A roasted chicken flying in the air, butterflies in a sparkling blue sky, actors running on stage with swords drawn — the latest play at the Yale Repertory Theatre is a light 18th-century comedy that serves up these sundry offerings in a spectacle complete with masks, ruffs and buckles.
“The Servant of Two Masters,” which opened March 12, tells the story of a servant who decides to serve two masters so that he can get fed twice. The play, directed by School of Drama associate professor of acting Christopher Bayes, belongs to the commedia dell’arte tradition — an Italian Renaissance genre of comedy that relies on exaggeration and physicality, which are heightened in the Rep production through music by three onstage musicians. Though the play was adapted from a 16th-century original by Carlo Goldoni, it has been modernized to make the experience more entertaining for contemporary audiences, Bayes said.
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“The history of commedia is one in which there has always been a certain amount of improvising,” Bayes said. “Groups would use local jokes to entertain the audience. People like to see it’s a living form.”
Playwright Constance Congdon, who adapted the play from an English translation of Goldoni’s Italian original, added that she “took a lot of liberty” with the original script.
The antics of the gluttonous servant Truffaldino — ranging from the swapping of personal letters to the destruction of important legal documents — complicate a plot already fraught with intrigue and deceit. A flurry of comical misunderstanding, with mistaken identities and characters rising from the dead, adds hilarity to the story of four lover trying to reunite. Chaos ensues against the idyllic backdrop of a sunny day in Venice.
“It’s a free fall — a playground for everyone,” Bayes said. He added that comedy brings a different tone to the Yale Rep season, which has featured heavier and more dramatic works such as Henrik Ibsen’s “The Master Builder” and Rinne Groff’s “Compulsion” in the past months.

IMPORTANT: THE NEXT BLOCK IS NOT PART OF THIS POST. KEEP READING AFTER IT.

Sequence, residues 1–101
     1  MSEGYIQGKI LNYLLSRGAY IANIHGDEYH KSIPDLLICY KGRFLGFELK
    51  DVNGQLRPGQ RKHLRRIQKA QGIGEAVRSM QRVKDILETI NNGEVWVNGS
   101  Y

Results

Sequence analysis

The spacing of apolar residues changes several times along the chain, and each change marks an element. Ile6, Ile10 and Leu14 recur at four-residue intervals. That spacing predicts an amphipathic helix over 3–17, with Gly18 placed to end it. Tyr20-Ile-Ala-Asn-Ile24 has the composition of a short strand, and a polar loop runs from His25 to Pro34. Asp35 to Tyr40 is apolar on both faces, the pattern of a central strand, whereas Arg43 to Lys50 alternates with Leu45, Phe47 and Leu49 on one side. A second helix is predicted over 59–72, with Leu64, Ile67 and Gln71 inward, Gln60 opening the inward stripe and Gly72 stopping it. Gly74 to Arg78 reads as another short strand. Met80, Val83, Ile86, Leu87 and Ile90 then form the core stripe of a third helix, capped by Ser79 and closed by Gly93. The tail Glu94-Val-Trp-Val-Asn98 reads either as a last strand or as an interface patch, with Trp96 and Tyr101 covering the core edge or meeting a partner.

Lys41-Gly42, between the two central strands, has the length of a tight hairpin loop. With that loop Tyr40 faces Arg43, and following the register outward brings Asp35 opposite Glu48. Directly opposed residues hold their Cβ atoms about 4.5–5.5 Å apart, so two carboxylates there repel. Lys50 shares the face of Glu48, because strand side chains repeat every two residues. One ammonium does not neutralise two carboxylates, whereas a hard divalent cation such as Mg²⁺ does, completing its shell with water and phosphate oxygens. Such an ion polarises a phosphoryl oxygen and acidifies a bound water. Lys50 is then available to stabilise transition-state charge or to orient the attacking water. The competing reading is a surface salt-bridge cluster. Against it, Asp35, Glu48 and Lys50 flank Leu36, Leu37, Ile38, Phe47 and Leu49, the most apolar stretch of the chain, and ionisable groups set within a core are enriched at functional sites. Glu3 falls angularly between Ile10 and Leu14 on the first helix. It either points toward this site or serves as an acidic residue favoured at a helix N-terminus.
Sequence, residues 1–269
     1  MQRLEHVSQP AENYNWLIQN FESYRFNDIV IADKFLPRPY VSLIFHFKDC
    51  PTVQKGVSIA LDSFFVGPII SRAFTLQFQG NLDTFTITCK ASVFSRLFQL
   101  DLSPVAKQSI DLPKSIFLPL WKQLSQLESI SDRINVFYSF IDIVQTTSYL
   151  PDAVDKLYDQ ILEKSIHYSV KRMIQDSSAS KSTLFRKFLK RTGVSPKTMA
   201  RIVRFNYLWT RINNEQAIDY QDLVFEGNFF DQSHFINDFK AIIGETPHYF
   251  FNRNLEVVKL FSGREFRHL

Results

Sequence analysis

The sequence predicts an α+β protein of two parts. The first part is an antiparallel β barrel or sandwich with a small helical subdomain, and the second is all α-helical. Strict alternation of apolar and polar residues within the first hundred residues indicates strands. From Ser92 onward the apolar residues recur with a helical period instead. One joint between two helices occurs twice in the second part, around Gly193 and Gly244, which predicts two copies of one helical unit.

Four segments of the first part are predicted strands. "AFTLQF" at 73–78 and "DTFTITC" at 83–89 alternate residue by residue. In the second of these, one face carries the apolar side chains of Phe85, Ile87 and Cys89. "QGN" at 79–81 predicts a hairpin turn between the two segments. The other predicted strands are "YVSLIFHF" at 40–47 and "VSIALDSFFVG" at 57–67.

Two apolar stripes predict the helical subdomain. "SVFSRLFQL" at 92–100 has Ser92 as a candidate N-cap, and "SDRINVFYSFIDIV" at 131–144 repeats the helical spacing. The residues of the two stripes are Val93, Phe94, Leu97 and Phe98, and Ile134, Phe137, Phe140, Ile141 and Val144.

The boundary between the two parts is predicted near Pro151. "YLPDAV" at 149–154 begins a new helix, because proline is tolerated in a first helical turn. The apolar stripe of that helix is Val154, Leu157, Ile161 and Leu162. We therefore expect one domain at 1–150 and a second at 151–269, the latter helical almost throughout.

As Truffaldino runs around the stage catching a flying roast chicken and bread pudding on platters, while one of the heroines discards her skirt in a fit of anger, the physicality on stage is hard to miss.
But in addition to physicality, “The Servant of Two Masters” has strong dialogue that makes the comedic effect more palpable, while adding a hint of darkness to the play, said actor Steven Epp, who plays Truffaldino.
“I think you always have to look for the other side of [the comedy]” Epp said. “There is always an underbelly to it. Servants are at the mercy of higher powers in the society. Truffaldino fears beating if something goes wrong. It contains an inherent feeling of violence in it.”
Mellifluous music, twinkling lighting effects, comical masks and period costumes contribute to the blithe tone of the play.
“The set and the lights work together to tell a story, which becomes more than just a story and opens up the history of commedia to the audience,” Congdon said, adding that all the music pieces except one were originally composed for this performance.
“It was epic,” one audience member, Syed Haider Shahbaz ’13, said. “I have not laughed that hard since I have come to Yale.”
“The Servant of Two Masters” will run through April 3.